In truth, however, unions had been taking their cow to market—actively organizing and bargaining—for almost 150 years before any major legislation. Remarkably, by the early 1790s union “guilds” had already been well established in this country. There were bootmaker collectives in Philadelphia, tailors in Baltimore, and newspaper print-setters in New York City. As far back as 1825, hundreds of Boston carpenters went on strike for a 10-hour day, and in 1835, mill workers in Paterson, N.J., successfully struck for the 11-hour-day/six-day week
In fact, the decades from the 1880s to the 1900s witnessed a tremendous surge in union membership (particularly in mining, textiles and trade crafts), including, interestingly, the establishment in 1885 of the Brotherhood of Professional Baseball Players, the first pro sports union in history.
But the government’s “protective” New Deal legislation did leave its indelible mark. In one swift stroke, the Wagner Act co-opted the American labor movement, placing its holy trinity (organizing, bargaining, striking) under federal statutory control for the first time.
One doesn’t need an AFL-CIO decoder ring to recognize that by removing labor disputes from the factory floor and the street, and placing them in the venue of the courts, the NLRB shifted the advantage to the party with not only the most money and prestige, but with the most to be gained by stalling tactics. Nothing has been the same since.
Today, while Canadian and European workers are free to join unions simply by signing membership cards, American workers, astonishingly, must petition their government for permission. The bureaucratic thicket created by the Taft-Hartley Act, passed by a Republican Congress over President Truman’s veto( with help from the Democrats), has made becoming a union member more difficult than becoming a U.S. citizen.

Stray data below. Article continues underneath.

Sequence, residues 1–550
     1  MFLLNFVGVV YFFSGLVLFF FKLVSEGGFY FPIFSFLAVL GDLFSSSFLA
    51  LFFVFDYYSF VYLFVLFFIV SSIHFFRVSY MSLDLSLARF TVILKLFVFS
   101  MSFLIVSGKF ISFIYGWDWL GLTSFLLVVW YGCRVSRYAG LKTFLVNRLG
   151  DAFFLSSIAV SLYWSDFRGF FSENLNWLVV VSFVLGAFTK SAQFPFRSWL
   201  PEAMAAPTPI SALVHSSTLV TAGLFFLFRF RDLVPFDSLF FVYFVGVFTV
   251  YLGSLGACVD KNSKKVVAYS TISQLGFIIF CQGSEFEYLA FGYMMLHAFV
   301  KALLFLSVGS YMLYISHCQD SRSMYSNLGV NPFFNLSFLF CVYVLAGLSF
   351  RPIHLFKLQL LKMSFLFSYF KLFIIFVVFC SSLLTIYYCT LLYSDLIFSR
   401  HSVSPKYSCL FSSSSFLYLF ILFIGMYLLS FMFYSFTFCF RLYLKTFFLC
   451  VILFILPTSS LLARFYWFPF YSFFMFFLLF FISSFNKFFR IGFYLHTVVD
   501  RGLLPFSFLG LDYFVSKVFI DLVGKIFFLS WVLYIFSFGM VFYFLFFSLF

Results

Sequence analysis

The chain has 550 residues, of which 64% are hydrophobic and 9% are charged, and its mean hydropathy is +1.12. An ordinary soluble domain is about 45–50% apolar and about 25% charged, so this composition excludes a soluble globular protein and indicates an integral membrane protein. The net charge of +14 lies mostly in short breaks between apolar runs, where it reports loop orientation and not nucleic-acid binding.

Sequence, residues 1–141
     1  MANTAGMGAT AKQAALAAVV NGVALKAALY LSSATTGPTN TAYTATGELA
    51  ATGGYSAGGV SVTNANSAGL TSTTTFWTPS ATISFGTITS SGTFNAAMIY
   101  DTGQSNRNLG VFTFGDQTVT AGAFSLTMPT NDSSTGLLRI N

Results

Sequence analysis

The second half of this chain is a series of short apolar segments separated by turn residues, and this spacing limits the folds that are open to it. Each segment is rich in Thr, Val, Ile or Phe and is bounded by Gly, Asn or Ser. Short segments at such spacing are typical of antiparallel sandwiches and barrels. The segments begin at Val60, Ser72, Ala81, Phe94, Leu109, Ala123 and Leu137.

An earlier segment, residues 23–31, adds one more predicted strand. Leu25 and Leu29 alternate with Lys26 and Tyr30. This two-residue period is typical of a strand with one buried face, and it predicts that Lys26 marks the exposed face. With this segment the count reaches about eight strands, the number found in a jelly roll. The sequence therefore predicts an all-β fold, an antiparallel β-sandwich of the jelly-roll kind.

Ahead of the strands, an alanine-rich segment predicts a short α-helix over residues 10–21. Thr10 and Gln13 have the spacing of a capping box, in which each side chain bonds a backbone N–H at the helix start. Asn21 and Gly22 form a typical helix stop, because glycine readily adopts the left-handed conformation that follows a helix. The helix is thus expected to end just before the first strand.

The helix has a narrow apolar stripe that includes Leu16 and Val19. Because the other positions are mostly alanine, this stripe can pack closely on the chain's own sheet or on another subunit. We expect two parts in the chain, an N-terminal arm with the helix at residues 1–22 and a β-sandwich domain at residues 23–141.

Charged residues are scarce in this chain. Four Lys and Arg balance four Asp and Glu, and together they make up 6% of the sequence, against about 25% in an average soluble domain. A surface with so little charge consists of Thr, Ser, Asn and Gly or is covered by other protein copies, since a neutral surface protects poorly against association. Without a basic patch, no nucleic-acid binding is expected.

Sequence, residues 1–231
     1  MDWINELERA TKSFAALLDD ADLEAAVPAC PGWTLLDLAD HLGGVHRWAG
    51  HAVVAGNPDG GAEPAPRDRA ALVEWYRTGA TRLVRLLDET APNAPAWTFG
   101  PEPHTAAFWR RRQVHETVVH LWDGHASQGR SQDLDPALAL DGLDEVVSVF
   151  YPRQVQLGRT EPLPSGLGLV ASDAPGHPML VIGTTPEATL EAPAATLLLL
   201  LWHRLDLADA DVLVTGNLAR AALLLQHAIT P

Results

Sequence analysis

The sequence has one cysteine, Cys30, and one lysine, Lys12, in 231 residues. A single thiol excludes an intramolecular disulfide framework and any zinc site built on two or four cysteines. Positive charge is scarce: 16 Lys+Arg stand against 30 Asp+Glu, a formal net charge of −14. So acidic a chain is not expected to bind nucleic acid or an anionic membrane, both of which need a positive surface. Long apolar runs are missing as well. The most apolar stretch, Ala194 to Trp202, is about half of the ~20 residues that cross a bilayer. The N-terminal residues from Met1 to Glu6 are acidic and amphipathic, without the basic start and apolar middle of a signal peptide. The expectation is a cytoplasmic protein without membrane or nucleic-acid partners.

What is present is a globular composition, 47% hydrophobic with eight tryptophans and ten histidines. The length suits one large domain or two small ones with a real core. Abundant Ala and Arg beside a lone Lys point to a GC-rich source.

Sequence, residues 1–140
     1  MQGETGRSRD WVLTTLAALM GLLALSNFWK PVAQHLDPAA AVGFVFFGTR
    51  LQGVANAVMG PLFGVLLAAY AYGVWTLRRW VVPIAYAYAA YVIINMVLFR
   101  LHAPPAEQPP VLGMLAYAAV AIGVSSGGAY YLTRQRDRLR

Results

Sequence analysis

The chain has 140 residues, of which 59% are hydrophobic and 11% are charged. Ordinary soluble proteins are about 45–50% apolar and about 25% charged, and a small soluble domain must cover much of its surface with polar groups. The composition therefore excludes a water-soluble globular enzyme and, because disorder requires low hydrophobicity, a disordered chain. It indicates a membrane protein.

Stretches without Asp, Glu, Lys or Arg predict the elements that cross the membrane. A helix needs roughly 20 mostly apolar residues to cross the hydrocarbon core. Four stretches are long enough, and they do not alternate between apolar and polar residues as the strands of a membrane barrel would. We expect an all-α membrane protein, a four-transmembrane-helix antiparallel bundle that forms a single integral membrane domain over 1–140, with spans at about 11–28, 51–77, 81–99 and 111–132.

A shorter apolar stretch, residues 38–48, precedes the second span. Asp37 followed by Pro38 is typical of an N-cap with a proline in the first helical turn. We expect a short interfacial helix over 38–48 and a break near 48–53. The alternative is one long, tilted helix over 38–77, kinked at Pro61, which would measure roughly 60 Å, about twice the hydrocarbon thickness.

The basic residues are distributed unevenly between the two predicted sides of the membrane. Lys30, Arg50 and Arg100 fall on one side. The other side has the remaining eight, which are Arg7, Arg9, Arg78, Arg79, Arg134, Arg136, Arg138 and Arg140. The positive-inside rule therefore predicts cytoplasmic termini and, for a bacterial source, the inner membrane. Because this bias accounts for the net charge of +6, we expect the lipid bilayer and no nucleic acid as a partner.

In 1913, Supreme Court Justice Louis Brandeis said, “Labor cannot on any terms surrender its right to strike,” and he was right. If Congress had been committed to leveling the playing field we would already have laws on the books, like those in Canada and Europe, making it illegal for striking workers to be permanently replaced by scabs. Realistically, what economic leverage do workers have when voting to go on strike is tantamount to giving up their jobs?
A bold proposal: Let us repeal Taft-Hartley, along with the minimum wage, and allow labor to compete in a “free market.” If those free market worshippers mean what they’ve been preaching all these years about the infallibility of the free market, then let the American worker participate “freely” in that market. If joining (or withdrawing from) a union makes sense, then workers should be permitted to make that decision without government interference.
Conversely, if unions are exposed as the obsolete, parasitic institutions they’re portrayed to be, then so be it; allow them to follow the dinosaur and Model T into extinction. But it should be the American worker—not Big Brother—who decides.
DAVID MACARAY, a playwright and writer in Los Angeles, was a former labor union rep. He can be reached at Dmacaray@earthlink.net